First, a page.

Accumulated depreciation is the grand total of all depreciation expense that has been recognized to date on a fixed asset. As such, it is considered a contra asset account, which means that it contains a negative balance that is intended to offset the asset account with which it is paired, resulting in a net book value. Accumulated depreciation is classified separately from normal asset and liability accounts, for the following reasons:
- It is not an asset, since the balances stored in the account do not represent something that will produce economic value to the entity over multiple reporting periods. If anything, accumulated depreciation represents the amount of economic value that has been consumed in the past.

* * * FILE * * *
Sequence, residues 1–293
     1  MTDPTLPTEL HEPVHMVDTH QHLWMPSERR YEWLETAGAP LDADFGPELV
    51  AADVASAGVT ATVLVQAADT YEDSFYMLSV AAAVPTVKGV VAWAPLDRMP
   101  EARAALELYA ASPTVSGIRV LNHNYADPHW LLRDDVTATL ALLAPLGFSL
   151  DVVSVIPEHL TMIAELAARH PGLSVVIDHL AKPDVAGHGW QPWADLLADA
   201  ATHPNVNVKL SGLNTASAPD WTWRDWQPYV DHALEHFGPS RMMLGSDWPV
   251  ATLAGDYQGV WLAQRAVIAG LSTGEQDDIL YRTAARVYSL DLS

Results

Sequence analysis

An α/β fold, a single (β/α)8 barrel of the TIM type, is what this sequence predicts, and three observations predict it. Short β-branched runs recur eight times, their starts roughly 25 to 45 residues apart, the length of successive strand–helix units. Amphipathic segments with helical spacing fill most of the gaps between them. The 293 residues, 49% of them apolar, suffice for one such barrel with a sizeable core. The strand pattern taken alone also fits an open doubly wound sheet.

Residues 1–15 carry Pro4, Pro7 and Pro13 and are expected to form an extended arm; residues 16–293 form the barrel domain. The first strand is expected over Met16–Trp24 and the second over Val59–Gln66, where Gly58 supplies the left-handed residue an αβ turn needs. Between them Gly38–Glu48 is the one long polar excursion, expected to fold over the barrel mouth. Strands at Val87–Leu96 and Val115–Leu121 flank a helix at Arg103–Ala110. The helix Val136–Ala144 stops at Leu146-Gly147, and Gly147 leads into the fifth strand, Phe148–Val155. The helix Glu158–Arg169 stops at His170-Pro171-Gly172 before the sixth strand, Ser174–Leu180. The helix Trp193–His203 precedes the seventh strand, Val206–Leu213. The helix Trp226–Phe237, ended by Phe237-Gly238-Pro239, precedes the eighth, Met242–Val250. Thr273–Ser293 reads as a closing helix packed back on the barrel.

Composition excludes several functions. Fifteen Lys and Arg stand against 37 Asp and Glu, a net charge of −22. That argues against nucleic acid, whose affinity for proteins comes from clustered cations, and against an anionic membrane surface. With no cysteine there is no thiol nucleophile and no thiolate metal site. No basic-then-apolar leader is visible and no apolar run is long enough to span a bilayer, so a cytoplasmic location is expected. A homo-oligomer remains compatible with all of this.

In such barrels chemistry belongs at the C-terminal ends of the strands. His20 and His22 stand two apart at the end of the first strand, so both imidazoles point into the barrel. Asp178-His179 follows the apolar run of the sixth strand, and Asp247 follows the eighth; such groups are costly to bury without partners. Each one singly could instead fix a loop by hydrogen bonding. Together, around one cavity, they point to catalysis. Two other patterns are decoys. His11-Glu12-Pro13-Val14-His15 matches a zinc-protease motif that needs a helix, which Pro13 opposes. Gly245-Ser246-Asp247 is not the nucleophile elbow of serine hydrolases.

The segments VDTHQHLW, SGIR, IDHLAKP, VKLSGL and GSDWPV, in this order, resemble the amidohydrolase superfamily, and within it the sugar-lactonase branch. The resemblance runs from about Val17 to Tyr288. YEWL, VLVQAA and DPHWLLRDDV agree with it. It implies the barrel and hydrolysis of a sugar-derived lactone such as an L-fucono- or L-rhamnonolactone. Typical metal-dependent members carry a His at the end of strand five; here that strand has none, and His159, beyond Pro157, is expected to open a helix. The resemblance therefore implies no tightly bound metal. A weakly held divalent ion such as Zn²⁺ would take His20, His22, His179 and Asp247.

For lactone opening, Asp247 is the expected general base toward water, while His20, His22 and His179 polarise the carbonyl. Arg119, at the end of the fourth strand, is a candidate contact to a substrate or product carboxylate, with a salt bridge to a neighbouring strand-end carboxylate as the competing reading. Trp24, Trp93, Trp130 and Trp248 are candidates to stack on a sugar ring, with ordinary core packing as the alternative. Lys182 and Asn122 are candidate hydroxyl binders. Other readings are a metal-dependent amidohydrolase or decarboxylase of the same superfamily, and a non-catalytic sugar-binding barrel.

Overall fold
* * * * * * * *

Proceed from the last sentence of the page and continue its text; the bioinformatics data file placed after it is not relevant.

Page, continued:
- It is not a liability, since the balances stored in the account do not represent an obligation to pay a third party. Instead, accumulated depreciation is used entirely for internal record keeping purposes, and does not represent a payment obligation in any way.
If you must make a choice between classifying accumulated depreciation as an asset or liability, it should be considered an asset, simply because that is where the account is reported in the balance sheet. If it were to be categorized as a liability, this would create the incorrect impression that the business has a liability to a third party.